Krymchakhs (Krymchak) Jews and their customs on the pictures below. Russia 1900s

Krymchakhs (Krymchak), Russia 1900 - 1926
Krymchakhs Jews Russia in 1900s

Crimea, Russia 1926
Krymchaki 1926

All the above are classic examples of the life in Crimea, Russia before 1900

The Krymchakhs (Krymchak) are Jewish ethno-religious communities of Crimea derived fromTurkic-speaking adherents of Orthodox Judaism. They have historically lived in close proximity to the Crimean Karaites, also Turkic but who follow Karaite Judaism. At first krymchak was a Russian descriptive used to differentiate them from their Ashkenazi Jewish coreligionists, as well as other Jewish communities in the former Russian Empire such as the Georgian Jews, but in the second half of the 19th century this name was adopted by the Krymchaks themselves. Before this their self-designation was (Srel balalary) – literally "Children of Israel". The Crimean Tatars referred to them as zulufli çufutlar ("Jews with pe'ot") to distinguish them from the Karaites, who were called zulufsiz çufutlar ("Jews without pe'ot").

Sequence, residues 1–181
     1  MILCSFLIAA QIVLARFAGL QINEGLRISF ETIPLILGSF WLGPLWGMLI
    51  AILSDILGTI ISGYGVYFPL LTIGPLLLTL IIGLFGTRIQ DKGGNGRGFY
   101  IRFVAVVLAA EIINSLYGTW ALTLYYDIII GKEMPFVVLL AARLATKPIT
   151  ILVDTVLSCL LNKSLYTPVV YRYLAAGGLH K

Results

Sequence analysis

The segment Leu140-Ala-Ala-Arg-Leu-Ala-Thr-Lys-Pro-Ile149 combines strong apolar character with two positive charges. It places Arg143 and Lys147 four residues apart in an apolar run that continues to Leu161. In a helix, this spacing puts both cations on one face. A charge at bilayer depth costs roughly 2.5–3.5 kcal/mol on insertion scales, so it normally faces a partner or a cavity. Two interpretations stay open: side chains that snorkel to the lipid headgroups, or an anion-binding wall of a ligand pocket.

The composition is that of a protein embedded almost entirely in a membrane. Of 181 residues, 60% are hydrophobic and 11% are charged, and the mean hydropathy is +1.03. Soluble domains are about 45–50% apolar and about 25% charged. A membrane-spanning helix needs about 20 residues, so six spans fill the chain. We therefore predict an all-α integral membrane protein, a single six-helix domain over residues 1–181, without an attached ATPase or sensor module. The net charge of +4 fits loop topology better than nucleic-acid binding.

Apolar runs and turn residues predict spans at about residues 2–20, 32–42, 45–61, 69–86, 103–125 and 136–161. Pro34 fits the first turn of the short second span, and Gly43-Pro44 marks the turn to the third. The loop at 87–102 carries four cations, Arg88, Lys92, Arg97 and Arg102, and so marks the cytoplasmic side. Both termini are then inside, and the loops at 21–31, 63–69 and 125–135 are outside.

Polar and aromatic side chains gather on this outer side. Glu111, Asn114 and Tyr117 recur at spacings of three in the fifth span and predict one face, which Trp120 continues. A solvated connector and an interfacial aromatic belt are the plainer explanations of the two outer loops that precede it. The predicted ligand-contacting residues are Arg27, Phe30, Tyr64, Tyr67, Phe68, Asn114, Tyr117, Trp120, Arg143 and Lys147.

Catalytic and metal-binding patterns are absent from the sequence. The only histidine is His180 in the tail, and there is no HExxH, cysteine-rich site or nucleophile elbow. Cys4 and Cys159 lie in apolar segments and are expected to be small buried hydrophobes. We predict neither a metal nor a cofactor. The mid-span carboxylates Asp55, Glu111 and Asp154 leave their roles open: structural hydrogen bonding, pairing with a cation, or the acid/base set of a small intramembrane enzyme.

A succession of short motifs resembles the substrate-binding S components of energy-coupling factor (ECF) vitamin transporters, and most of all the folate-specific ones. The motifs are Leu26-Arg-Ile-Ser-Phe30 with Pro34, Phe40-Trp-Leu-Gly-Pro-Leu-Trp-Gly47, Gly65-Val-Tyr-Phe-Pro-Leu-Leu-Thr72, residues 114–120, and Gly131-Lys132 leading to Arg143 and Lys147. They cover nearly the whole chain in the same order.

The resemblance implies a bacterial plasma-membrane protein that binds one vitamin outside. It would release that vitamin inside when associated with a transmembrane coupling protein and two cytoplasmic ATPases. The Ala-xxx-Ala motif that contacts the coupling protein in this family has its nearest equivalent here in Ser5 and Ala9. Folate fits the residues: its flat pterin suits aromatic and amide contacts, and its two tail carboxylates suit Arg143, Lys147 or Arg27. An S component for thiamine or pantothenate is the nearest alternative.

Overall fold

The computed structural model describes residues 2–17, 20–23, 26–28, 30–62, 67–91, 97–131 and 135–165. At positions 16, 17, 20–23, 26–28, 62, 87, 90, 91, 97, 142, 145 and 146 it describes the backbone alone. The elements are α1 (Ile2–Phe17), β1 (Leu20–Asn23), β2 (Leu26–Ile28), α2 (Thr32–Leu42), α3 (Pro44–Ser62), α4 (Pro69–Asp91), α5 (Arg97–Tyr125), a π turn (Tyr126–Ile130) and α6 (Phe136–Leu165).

Important Jewish communities were to be found during that period also in the older Tataric possessions of the Crimea. Two Jewish communities, one consisting of Rabbanites (Krymchaks) and the other of Karaites, flourished, during the thirteenth century, in the ancient capital of the Tatar khans, named Solkhat (now[35] Eski-Krym). Beginning with 1428, the old Karaite community of Chufut-Kale ("the Rock of the Jews"), situated near the new Tatar capital, Bakhchi-Sarai, grows in numbers and influence. The memory of this community is perpetuated by a huge number of tombstones, ranging from the thirteenth to the eighteenth century. Crimea, now peopled with Jews, sends forth settlers to Lithuania, where, at the end of the fourteenth century, Grand Duke Vitovt[16] takes them under his protection. Crimean colonies spring up in the Lithuanian towns of Troki and Lutzk, which, as will be seen later, are granted extensive privileges by the ruler of the land. The establishment of Turkish sovereignty over the Crimea (1475-1783) resulted in a closer commercial relationship between the Jewish center on the Peninsula and the Principality of Moscow, which at that time fenced herself off from the outside world by a Chinese wall, and, with few exceptions, barred from her dominions all foreigners and infidels, or "Basurmans."[17] In the second half of the fifteenth century the Grand Duke of Muscovy, Ivan III., was constrained to seek the help of several Crimean Jews in his diplomatic negotiations with the Khan of the Crimea, Mengli-Guiray. One of the agents of the Muscovite Prince was an influential Jew of Kaffa, by the name of Khoza Kokos, who was instrumental in bringing about a military alliance between the Grand Duke and the Khan (1472-1475). It is curious to note that Kokos wrote his letters to Ivan III. in Hebrew, so that the Muscovite ruler, who evidently could find no one in Moscow familiar with that language, had to request his agent to correspond with him in Russian or "in the Basurman language" (Tataric or perhaps Italian). Another agent of Ivan III., Zechariah Guizolfi, was an Italian Jew, who had previously occupied an important post in the Genoese colony in the Crimea, and was the owner of the Taman Peninsula ("the Prince of Taman"). He stood in close relations to Khan Mengli-Guiray, and in this capacity carried on a diplomatic correspondence with the Prince of Muscovy (1484-1500). Later on Zechariah was on the point of taking up his abode in Moscow in order to participate more directly in the foreign affairs of Russia, but circumstances interfered with the execution of the plan.

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